Year 3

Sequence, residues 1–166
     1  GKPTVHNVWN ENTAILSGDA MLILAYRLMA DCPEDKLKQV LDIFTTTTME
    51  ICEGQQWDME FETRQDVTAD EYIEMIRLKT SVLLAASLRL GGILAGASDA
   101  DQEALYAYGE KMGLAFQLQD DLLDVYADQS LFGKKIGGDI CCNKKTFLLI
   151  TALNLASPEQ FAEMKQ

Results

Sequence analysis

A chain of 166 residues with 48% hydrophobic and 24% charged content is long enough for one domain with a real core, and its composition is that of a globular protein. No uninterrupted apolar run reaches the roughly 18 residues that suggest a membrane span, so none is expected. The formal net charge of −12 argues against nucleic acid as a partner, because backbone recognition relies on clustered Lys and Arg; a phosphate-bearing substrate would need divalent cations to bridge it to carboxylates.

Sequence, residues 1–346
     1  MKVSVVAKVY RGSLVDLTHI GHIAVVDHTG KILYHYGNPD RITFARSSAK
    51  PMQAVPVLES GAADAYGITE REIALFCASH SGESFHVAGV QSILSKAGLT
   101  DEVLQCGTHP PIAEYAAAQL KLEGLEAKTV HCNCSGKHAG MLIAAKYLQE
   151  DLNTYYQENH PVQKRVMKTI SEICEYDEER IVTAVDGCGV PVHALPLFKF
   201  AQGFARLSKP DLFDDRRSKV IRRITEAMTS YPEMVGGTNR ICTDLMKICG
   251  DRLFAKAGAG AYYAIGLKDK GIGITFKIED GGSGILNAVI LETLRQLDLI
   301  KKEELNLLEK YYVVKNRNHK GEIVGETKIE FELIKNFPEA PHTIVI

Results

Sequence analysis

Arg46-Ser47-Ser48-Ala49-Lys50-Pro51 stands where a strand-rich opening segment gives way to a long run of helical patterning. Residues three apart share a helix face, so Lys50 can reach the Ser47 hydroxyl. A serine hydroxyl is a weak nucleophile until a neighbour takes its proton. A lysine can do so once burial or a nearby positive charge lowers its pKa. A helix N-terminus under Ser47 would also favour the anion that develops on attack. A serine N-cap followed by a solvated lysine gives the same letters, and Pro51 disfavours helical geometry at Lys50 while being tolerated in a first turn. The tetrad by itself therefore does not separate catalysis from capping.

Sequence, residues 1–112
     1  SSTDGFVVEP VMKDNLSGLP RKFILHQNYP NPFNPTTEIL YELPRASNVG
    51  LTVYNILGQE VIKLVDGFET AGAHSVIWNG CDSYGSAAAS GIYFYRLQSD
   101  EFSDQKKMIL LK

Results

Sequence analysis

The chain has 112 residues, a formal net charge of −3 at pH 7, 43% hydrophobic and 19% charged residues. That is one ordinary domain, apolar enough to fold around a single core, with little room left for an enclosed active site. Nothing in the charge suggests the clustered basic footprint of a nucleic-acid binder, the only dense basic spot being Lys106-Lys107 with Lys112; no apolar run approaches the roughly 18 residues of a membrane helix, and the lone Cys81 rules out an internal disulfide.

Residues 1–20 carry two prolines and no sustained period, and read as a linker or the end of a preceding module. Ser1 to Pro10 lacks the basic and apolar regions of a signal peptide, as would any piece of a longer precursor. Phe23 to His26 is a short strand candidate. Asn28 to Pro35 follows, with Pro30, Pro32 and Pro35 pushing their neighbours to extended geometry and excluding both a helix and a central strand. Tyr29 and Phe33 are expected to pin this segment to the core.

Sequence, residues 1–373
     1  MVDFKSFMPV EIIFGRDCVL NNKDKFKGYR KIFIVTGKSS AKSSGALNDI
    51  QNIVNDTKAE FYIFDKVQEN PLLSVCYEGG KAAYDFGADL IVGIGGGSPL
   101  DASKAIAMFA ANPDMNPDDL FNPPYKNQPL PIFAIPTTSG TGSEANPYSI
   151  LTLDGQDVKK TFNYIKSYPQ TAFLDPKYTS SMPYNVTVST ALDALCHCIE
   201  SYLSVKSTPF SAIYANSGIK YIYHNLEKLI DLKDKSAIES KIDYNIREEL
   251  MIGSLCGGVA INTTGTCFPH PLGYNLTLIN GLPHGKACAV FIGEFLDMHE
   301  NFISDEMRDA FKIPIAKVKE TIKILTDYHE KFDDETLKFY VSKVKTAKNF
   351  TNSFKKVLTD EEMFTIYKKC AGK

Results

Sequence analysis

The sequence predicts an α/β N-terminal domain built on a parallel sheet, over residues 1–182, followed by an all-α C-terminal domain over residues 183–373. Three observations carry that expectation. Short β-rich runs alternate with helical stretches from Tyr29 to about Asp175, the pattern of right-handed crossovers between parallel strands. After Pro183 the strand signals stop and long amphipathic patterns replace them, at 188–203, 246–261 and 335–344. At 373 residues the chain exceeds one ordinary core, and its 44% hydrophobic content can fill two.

We proposed to generate human induced pluripotent stem (iPS) cells using a virus-free technique called RNA activation (RNAa). RNAa is a newly identified gene regulation mechanism by which promoter-targeting double-stranded small RNA also known as small activating RNA (saRNA) can induce gene expression. Our approach to iPS cell derivation is through simultaneous activation of stem cell factors including OCT4, NANOG, SOX2, KLF4 and C-MYC using RNAa. Currently we are focusing on Aim 1 and 2 of this project to screen saRNAs that can activate individual stem cell factors and to use the identified saRNAs to replace one viral factor at a time to reprogram iPS cells from somatic cells. We have identified saRNAs for OCT4, KLF4, NANOG and C-MYC. Replacing OCT4 virus in the OSKM four factor reprogramming recipe (OCT4, SOX2, KLF4 and MYC) with an OCT4 saRNA led to the derivation of iPS-like colonies from adipose tissue derived stem cells (ADSCs). These results provided proof of principle that saRNAs can be used for iPS reprogramming. Ongoing research is maximizing gene activation and iPS induction by tweaking saRNA design, use of small molecule compounds and optimizing iPS reprogramming protocols. Eventually all viruses will be replaced with their corresponding saRNAs to generate virus-free iPS cells.